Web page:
Customer experience initiatives have a high failure rate. Is it because they are too focused on serving customers better, at the expense of a more holistic approach to the customer experience?
Why is there a high failure rate of customer experience (CX) initiatives? And why do most CEOs not buy into CX? Because CX professionals and companies are not practicing real CX.
Many CX professionals currently assess customer experience through the lens of biased ‘service’, and are becoming the "man with a hammer”: always adopting the “Serve Customers Better” approach to try to solve every CX problem their respective clients or companies face.
This 'conventional' approach to CX is just service-in-disguise. It is not Real CX.
What is Real CX, then? Well, in my opinion, Real CX should possess the following five attributes:
- It includes ‘product’ and ‘pricing’.
- It objectively assesses customer experiences.
- It renders non-biased solutions to CX problems.
- It can generate quick wins.
- Its role is strategic; not functional.
In this article, let's explore the first component.
Real CX includes ‘product’ and ‘pricing’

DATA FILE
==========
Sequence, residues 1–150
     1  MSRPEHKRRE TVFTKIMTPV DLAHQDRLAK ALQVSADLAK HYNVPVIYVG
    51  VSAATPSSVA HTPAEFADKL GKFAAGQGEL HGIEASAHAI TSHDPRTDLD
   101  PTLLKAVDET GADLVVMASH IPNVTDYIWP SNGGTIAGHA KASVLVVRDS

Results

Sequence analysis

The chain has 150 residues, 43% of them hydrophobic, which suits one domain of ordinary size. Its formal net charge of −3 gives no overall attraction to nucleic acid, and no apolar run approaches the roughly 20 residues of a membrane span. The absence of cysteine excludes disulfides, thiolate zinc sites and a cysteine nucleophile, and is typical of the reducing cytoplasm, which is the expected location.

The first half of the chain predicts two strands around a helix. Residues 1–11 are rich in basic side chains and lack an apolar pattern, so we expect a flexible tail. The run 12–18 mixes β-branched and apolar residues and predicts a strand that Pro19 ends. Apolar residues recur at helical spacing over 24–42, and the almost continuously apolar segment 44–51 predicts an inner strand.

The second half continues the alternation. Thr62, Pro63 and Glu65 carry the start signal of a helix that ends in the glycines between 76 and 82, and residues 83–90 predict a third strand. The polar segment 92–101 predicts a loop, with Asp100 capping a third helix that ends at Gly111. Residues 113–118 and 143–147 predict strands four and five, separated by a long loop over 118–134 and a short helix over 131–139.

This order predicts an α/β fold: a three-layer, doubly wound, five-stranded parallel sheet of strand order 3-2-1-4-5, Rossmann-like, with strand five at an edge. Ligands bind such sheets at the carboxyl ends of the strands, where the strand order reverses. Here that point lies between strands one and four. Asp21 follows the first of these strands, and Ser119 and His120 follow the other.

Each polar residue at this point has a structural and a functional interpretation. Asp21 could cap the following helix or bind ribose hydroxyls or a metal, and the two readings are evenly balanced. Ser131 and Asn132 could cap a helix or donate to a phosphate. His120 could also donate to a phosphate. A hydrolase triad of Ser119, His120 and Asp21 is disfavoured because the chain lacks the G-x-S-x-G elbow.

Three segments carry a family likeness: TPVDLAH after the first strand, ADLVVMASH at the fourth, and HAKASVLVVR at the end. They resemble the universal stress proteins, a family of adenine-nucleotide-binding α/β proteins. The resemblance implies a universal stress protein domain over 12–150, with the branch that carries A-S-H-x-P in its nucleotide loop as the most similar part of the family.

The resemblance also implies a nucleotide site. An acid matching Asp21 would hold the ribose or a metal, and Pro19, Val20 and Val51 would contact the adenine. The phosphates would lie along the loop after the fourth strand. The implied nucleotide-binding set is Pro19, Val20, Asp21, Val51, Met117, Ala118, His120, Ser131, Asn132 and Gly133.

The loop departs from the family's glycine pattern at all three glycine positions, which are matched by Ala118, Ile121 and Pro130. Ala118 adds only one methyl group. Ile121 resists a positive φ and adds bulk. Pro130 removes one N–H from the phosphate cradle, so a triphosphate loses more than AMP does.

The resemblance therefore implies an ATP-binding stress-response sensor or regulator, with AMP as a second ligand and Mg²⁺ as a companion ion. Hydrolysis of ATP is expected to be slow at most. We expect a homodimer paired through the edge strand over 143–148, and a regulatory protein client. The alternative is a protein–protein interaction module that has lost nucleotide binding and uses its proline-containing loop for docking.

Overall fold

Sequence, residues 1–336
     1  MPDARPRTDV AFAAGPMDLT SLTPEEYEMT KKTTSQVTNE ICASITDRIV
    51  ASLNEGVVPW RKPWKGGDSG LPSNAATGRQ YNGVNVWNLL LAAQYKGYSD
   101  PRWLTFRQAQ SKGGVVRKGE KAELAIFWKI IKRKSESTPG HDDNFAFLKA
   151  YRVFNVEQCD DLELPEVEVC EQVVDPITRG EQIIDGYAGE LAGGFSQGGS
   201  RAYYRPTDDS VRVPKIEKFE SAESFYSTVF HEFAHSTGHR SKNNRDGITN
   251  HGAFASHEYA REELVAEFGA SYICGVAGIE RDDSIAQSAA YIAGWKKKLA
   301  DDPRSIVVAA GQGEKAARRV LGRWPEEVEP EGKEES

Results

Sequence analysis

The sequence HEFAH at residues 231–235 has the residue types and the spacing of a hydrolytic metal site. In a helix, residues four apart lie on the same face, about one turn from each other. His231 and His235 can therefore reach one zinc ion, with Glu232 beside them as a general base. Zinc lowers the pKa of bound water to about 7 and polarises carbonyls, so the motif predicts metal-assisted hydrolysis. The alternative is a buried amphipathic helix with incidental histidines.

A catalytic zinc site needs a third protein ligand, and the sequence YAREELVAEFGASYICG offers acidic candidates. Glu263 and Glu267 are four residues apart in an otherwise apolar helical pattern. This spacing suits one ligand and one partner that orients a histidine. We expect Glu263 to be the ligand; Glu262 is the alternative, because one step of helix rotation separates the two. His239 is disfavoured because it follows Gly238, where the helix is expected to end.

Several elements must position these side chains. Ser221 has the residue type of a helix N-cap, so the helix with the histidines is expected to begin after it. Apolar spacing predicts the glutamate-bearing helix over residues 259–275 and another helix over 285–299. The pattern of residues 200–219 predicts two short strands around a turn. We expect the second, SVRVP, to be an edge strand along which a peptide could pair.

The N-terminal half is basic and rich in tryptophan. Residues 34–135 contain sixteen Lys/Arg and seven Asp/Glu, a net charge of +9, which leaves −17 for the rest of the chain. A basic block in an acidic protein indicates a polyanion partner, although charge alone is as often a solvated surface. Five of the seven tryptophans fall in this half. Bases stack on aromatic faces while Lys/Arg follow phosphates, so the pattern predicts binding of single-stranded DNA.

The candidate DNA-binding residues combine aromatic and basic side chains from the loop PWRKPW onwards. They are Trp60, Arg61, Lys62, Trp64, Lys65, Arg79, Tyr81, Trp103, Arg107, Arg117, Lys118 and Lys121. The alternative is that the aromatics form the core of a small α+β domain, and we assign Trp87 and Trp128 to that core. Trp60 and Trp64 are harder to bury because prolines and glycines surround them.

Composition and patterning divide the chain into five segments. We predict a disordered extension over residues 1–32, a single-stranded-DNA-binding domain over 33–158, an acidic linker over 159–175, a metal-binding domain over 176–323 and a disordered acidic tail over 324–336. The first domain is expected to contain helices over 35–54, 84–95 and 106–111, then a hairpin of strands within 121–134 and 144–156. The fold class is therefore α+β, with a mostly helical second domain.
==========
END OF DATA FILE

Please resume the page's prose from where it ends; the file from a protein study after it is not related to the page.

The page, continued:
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In 2015, Bob Thompson, CEO of CustomerThink Corp., raised the following question: “Does CX include product and price?” A dozen industry experts unanimously agreed that it does. Here are some quotes from them:
- “CX management is what a company does to affect interactions for the purpose of altering (or maintaining) the perceptions of customers. CX management does encompass products and pricing.” - Bruce Temkin, co-founder of CXPA
- “CX is about the entire experience that a customer has. Therefore this includes pricing, product and anything else.” - Colin Shaw, founder of Beyond Philosophy
Figure 1: Emotion Curve of the Starbucks In-Store Experience
As early as 2006, when I mapped the Emotion Curve for the Starbucks in-store experience, the price of coffee is part of the journey (as shown in figure 1).
Figure 2: What do you like the least about the Starbucks in-store experience?
In a global research [note 2], 3,865 repeat customers answered an open question stated in figure 2. ‘Price’ is the factor they like least about Starbucks.
In the customers’ mind, price is clearly an indispensable element in an experience, on top of the product itself (coffee). We have similar findings in other research [note 3].
Hence, a Real CX would never leave out ‘product’ and ‘pricing’.
Conventional CX is “service-in-disguise”
“By 2020 customer experience will overtake price and product as the key brand differentiator.”
What’s wrong with this statement?
As CX includes pricing and product, it’s logically impossible for customer experience to compete with price and product. Makes no sense. Literally, that ‘experience’ isn’t experience but some ‘other’ thing. Bob Thompson responded:“In the earlier days of the CX movement, “experience” meant “interaction.” Something other than product or price.
"And the rationale for CX investment was (and still is, largely): “We can’t compete on product or price, so we’re going to differentiate based on customer experience!” What is that “other” thing — interactions of course.”